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Alcohol Clin Exp Res. 2001 Jan;25(1):1-8.

A comparison of correlates of DSM-IV alcohol abuse or dependence among more than 400 sons of alcoholics and controls.

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Department of Psychiatry, Veterans Affairs San Diego Healthcare System, and the University of California 92161-2002, USA.



Alcohol dependence and abuse are defined as separate disorders. However, relatively few data are available about whether the same characteristics predict both syndromes.


Complete data were available from the 15 year follow-up of 411 men who originally had been evaluated from a university population at about age 20. Both baseline data gathered prospectively and the retrospective ratings in six domains of life functioning were analyzed for their relationship to the development of alcohol abuse or dependence during the follow-up.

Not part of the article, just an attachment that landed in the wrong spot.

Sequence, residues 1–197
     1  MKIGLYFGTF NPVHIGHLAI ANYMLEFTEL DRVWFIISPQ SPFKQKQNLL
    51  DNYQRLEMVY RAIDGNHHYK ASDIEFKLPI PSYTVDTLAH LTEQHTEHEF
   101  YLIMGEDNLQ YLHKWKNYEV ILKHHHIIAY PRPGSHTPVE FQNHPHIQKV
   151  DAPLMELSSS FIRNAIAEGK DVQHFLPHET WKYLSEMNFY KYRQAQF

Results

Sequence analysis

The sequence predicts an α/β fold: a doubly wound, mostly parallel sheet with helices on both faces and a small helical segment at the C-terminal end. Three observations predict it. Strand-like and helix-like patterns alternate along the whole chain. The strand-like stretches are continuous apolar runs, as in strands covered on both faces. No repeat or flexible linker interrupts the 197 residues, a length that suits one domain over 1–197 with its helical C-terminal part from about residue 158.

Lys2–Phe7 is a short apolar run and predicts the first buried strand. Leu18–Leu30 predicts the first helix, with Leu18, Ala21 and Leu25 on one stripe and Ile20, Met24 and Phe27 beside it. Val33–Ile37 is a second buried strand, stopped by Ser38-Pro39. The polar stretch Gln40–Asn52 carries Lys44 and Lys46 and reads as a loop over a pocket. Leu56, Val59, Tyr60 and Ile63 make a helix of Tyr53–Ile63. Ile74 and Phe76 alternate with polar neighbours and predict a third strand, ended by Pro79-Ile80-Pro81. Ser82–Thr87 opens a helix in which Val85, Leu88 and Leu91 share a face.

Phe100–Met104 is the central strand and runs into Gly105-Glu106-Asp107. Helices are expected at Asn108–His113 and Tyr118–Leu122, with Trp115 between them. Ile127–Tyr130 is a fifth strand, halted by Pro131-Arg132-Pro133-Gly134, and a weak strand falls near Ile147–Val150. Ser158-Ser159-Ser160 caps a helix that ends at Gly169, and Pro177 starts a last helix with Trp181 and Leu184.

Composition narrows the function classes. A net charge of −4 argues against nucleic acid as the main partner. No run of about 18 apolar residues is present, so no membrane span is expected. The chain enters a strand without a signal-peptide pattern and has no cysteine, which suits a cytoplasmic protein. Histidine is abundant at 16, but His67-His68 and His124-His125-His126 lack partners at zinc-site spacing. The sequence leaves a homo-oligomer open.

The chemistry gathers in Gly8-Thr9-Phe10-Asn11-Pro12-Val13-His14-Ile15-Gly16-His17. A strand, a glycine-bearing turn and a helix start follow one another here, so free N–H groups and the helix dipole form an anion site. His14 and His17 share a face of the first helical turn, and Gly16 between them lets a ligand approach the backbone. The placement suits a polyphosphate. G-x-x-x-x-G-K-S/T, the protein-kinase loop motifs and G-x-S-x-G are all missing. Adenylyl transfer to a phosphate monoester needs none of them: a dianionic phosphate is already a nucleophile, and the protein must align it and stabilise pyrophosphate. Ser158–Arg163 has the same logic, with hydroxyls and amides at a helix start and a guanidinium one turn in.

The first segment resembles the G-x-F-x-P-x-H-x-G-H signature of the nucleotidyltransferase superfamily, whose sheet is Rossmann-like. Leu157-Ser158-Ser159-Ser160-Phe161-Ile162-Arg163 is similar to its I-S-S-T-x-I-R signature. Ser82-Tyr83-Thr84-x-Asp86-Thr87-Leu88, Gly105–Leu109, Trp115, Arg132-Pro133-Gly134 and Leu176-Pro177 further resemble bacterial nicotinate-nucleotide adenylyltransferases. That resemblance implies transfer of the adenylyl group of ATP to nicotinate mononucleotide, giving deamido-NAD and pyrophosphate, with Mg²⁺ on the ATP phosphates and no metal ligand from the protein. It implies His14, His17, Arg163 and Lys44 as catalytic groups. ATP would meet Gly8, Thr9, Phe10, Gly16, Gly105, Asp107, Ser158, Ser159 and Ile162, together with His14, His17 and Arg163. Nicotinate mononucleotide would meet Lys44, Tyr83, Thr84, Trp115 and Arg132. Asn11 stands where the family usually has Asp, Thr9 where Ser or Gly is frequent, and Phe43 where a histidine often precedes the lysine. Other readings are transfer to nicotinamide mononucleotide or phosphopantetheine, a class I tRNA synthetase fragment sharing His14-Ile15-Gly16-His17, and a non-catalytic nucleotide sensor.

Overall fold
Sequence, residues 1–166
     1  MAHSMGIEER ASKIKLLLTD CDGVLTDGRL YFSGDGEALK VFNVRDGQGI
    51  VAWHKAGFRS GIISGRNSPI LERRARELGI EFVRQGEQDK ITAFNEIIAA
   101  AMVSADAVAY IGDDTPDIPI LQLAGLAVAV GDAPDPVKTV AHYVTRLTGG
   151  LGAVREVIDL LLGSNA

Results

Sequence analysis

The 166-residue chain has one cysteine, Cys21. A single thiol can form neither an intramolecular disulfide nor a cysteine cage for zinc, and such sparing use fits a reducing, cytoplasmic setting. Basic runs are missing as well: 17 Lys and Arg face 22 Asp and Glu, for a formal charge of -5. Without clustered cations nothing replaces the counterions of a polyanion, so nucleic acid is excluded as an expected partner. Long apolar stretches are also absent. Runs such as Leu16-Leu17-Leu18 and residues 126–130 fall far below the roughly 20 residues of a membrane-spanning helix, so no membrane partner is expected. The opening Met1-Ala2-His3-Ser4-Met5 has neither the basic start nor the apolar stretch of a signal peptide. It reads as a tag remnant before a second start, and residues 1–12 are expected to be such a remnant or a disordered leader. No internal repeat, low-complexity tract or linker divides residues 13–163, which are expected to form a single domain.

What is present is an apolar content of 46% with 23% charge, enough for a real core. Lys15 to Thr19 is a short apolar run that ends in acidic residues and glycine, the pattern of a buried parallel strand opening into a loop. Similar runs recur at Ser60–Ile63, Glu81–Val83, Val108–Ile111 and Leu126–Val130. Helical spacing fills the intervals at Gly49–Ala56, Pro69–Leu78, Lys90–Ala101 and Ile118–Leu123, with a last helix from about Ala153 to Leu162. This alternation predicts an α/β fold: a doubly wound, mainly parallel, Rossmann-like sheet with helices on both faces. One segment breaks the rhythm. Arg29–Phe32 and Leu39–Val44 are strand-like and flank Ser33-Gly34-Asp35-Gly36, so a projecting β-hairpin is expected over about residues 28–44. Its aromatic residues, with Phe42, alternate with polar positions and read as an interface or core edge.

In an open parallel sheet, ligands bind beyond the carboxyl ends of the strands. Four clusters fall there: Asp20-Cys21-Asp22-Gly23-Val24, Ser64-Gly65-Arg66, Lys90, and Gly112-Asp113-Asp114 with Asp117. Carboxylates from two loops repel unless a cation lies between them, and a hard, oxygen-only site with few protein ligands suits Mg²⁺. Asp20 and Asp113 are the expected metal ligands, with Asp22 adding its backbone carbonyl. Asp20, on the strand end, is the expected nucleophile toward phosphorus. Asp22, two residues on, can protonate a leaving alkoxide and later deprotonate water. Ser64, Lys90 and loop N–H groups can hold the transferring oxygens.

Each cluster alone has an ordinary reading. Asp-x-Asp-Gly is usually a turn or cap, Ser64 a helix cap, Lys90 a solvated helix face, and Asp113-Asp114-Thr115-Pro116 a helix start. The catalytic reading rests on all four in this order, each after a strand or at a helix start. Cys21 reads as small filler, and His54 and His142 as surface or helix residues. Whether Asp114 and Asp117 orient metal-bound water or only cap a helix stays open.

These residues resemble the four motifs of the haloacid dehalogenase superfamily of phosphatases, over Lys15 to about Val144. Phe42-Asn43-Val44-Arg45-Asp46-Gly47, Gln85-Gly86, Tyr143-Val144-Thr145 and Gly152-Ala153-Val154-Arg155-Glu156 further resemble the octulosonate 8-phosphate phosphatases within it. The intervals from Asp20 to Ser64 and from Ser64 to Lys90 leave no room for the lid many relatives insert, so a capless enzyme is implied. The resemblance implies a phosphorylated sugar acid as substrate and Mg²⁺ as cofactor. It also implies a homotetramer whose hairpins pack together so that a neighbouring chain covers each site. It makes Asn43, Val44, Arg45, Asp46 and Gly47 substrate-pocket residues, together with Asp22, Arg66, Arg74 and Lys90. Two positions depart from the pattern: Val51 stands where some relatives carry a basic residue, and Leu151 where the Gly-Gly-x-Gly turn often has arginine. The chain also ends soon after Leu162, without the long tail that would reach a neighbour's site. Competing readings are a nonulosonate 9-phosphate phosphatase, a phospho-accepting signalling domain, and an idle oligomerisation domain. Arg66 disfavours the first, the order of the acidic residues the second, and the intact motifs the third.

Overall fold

Baseline characteristics of a family history of substance use disorders, the quantity and frequency of drinking, the history of alcohol-related problems, and the level of response to alcohol all predicted future alcohol abuse or dependence, but only an alcoholic second-degree relative or a first-degree drug-dependent family member differentially predicted dependence. Logistic regression analyses revealed that similar baseline characteristics combined to predict dependence and, separately, abuse. When the domains of functioning during the 15 years were included, positive alcohol expectancies, poor coping mechanisms, low level of social support, and drinking in the environment contributed to both dependence and abuse, although the relationship was stronger for dependence.


The predictors and correlates of alcohol abuse and dependence in this group of men were similar. Further research in additional populations and on other drugs is needed to determine if the two syndromes overlap sufficiently to be combined.

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